4. Qua67bau - July 17, 2007

Thank goodness for the Germans for helping us protect our privacy. Too bad they don’t make any hardware used in the White House!

5. John - July 17, 2007

Way to go Mercedes!!!!! F the government

6. Legal Beagal - July 18, 2007

You’d feel different if it was your wife or daughter that was killed. It might take something like that to make think before insulting the deceased’s family in their time of grief.

7. John S. - July 21, 2007

Yes, but you’d always feel differently if one of your loved ones was concerned. That’s no way to objectively view or judge a situation — instead, it’s the fear-mongering equivalent of “do it for the children”, which, I’m afraid to say, has done a lot of harm to this country since 9/11.

Personally, I appluad Mercedes’ decision to protect their customer’s privacy. I can only assume that they had to consult with counsel (which, contrary to popular belief, is process that typically consists of more than a five-minute phone call).

All the coulda-woulda is pure a simple speculation. Nothing more. Unless the car was stolen, they shouldn’t have too much trouble finding the registered owner. And let’s not forget that there are plenty of cars out there that do not have GPS tracking. OMG!1! There should be a law against that!!1! Except, that we, the people, do have 4th amendment rights and we should start insisting that the government respect them!

8. Steve - July 23, 2007

evhershey: wouldn’t the *court order* have taken into account the constitution’s provisions that searches be reasonable and with probable cause?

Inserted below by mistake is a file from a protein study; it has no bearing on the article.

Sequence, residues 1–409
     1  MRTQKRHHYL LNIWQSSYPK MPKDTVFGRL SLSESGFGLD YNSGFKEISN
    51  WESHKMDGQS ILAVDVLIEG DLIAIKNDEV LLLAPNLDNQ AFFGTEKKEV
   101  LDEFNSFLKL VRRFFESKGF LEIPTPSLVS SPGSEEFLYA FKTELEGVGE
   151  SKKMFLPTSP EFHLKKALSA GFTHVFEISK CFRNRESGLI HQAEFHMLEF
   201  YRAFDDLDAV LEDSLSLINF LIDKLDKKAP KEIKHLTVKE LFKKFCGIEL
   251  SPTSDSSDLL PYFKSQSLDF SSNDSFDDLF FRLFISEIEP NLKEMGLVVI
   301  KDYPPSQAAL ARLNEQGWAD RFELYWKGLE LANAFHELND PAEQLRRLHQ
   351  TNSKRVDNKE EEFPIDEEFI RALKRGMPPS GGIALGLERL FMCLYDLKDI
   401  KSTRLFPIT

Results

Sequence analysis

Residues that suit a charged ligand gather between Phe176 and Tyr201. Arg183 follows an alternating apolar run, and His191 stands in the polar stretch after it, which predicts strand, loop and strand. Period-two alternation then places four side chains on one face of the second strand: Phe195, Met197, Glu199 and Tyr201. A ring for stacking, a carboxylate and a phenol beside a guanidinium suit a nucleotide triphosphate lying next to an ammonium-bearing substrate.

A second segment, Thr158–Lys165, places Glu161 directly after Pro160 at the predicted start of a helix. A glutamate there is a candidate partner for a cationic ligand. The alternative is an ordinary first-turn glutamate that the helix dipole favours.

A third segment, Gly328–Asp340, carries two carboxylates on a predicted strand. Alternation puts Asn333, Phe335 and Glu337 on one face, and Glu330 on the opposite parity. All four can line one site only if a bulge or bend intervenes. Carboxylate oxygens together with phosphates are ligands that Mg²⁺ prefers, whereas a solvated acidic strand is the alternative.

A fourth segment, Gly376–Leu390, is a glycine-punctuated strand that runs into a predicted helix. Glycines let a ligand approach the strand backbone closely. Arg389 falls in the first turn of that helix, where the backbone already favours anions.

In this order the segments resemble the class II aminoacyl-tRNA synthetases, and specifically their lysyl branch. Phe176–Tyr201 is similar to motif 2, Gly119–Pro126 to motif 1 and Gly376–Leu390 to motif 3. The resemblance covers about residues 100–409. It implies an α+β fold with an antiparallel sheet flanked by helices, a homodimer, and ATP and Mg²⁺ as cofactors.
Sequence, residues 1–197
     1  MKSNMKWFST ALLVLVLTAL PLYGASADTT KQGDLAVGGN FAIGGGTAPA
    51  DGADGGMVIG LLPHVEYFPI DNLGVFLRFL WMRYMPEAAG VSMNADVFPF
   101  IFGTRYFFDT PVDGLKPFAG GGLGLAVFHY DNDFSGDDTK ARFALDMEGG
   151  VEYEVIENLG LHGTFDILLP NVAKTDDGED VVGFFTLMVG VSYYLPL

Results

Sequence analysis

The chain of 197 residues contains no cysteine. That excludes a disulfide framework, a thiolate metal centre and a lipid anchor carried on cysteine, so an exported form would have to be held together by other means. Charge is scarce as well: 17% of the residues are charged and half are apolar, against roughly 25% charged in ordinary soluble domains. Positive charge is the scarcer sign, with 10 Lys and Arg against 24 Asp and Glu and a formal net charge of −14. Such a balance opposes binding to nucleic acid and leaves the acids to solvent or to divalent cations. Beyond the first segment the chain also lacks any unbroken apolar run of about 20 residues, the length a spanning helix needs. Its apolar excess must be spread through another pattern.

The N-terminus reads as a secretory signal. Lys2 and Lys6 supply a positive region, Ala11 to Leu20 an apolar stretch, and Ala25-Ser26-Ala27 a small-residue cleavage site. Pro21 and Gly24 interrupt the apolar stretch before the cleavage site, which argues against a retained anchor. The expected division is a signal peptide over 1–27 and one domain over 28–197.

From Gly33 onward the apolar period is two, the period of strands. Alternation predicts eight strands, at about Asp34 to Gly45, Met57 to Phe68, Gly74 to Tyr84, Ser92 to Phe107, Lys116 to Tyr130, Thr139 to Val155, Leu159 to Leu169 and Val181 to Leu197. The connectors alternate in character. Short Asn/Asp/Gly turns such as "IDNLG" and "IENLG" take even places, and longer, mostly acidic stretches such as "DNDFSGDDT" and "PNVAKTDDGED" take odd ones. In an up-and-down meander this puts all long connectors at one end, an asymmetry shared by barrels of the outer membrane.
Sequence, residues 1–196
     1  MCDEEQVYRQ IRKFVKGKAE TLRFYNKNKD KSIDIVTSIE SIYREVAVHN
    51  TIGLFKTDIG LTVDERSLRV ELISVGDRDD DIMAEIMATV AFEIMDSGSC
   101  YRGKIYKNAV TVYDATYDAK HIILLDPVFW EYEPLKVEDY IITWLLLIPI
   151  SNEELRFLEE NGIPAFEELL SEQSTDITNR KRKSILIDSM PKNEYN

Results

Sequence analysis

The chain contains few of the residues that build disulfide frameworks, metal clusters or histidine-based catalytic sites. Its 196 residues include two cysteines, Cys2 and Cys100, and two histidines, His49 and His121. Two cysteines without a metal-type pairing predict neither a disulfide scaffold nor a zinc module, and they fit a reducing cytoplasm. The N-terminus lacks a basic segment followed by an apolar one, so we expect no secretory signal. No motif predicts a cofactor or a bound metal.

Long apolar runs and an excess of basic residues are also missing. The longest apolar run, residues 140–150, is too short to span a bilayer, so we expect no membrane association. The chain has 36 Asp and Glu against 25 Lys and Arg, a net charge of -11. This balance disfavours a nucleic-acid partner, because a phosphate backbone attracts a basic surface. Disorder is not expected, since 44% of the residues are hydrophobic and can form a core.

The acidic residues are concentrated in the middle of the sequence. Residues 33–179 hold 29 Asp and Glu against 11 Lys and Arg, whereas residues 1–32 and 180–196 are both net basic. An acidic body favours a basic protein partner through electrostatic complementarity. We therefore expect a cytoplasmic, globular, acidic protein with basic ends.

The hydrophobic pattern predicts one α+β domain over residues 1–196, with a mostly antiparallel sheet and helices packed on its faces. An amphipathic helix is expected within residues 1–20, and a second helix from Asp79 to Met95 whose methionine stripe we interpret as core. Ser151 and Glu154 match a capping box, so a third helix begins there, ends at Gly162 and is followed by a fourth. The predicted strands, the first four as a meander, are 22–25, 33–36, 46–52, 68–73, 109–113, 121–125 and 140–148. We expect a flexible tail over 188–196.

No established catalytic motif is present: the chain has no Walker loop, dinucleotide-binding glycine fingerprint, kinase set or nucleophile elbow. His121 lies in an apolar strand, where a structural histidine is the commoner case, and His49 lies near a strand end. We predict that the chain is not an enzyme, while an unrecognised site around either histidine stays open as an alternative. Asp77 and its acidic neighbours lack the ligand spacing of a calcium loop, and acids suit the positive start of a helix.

9. alex - July 30, 2007

complete BS. I expect Mercedes didn’t cave because it was the right thing to do, they caved because the second court-order probably had some financial pentalty. They have no business ignoring a court order – period. I was shopping for new suv for the wife and seriously considered Mercedes – until this story broke. Now she drives the Lexus. They’ve lost my business forever

10. mmac - January 11, 2008

You have got to be kidding me …. iv’e paid for my tracking device(cost of a mercedes benz) and now to have it used against me …. they already use cell phones to trac us (i am in telecoms) who will gurantee that this information will not fall into the “wrong hands” privacy needs to be enforced ALL the time and not played with

11. dont worry about it - February 22, 2008

You wouldn’t have it used against you. You would have it used against people that KILL other people. PEOPLE are more important than STUFF period! Mercedes Benz owners couldn’t grasp that concept anyway.

12. Glenda - February 23, 2009

I own a Mercedes-Benz. If I were to use my vehicle to take someone’s life and to cause a lifetime of heartache to that person’s loved ones; then I would expect to be hunted down like. You can’t go out and kill someone and expect Mercedes to hide your identity or your whereabouts. I’m disgusted with some of the comments posted. I’m disgusted with Mercedes-Benz, as well. And, yes, I would buy another Mercedes-Benz